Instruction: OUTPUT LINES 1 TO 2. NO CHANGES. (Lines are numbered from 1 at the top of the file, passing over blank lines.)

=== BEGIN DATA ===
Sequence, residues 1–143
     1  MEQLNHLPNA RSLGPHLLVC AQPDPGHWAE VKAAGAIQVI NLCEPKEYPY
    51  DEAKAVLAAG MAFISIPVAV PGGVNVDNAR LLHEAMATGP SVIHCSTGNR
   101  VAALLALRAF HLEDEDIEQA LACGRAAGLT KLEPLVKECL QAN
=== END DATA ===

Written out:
Sequence, residues 1–143
     1  MEQLNHLPNA RSLGPHLLVC AQPDPGHWAE VKAAGAIQVI NLCEPKEYPY